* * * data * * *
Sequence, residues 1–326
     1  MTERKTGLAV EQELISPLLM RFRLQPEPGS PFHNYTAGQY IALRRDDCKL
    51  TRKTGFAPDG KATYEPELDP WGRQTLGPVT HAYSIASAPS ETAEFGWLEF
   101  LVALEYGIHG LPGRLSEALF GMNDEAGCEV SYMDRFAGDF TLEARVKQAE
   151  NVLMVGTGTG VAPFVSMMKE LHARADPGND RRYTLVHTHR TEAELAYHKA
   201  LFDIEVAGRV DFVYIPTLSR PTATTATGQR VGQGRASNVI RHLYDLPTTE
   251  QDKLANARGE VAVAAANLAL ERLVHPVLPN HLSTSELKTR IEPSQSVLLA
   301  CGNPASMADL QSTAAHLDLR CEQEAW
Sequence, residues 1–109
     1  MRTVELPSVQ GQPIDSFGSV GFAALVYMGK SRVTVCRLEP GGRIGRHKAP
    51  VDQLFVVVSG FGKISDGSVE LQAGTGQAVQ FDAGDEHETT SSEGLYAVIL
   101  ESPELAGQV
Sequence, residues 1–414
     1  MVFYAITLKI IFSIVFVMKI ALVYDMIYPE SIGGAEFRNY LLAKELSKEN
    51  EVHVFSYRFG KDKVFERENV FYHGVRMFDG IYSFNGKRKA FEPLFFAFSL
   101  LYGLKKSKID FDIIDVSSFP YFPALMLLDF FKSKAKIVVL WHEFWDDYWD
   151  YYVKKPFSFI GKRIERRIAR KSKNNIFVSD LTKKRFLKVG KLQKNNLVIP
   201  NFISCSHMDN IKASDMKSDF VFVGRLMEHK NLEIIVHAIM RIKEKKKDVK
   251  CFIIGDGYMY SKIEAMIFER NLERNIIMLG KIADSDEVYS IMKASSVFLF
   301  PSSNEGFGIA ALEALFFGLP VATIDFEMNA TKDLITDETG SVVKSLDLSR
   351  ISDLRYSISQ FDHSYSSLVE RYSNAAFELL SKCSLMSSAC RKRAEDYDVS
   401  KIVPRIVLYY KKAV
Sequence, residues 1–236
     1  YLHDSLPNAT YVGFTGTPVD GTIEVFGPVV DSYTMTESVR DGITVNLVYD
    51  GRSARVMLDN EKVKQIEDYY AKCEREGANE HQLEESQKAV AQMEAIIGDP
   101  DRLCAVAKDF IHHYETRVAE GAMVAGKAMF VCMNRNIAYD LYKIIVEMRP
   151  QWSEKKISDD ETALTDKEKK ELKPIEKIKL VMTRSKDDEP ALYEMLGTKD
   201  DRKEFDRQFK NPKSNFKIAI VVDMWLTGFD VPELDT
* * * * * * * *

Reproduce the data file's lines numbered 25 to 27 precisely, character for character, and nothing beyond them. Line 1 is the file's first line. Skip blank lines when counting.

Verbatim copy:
    51  GRSARVMLDN EKVKQIEDYY AKCEREGANE HQLEESQKAV AQMEAIIGDP
   101  DRLCAVAKDF IHHYETRVAE GAMVAGKAMF VCMNRNIAYD LYKIIVEMRP
   151  QWSEKKISDD ETALTDKEKK ELKPIEKIKL VMTRSKDDEP ALYEMLGTKD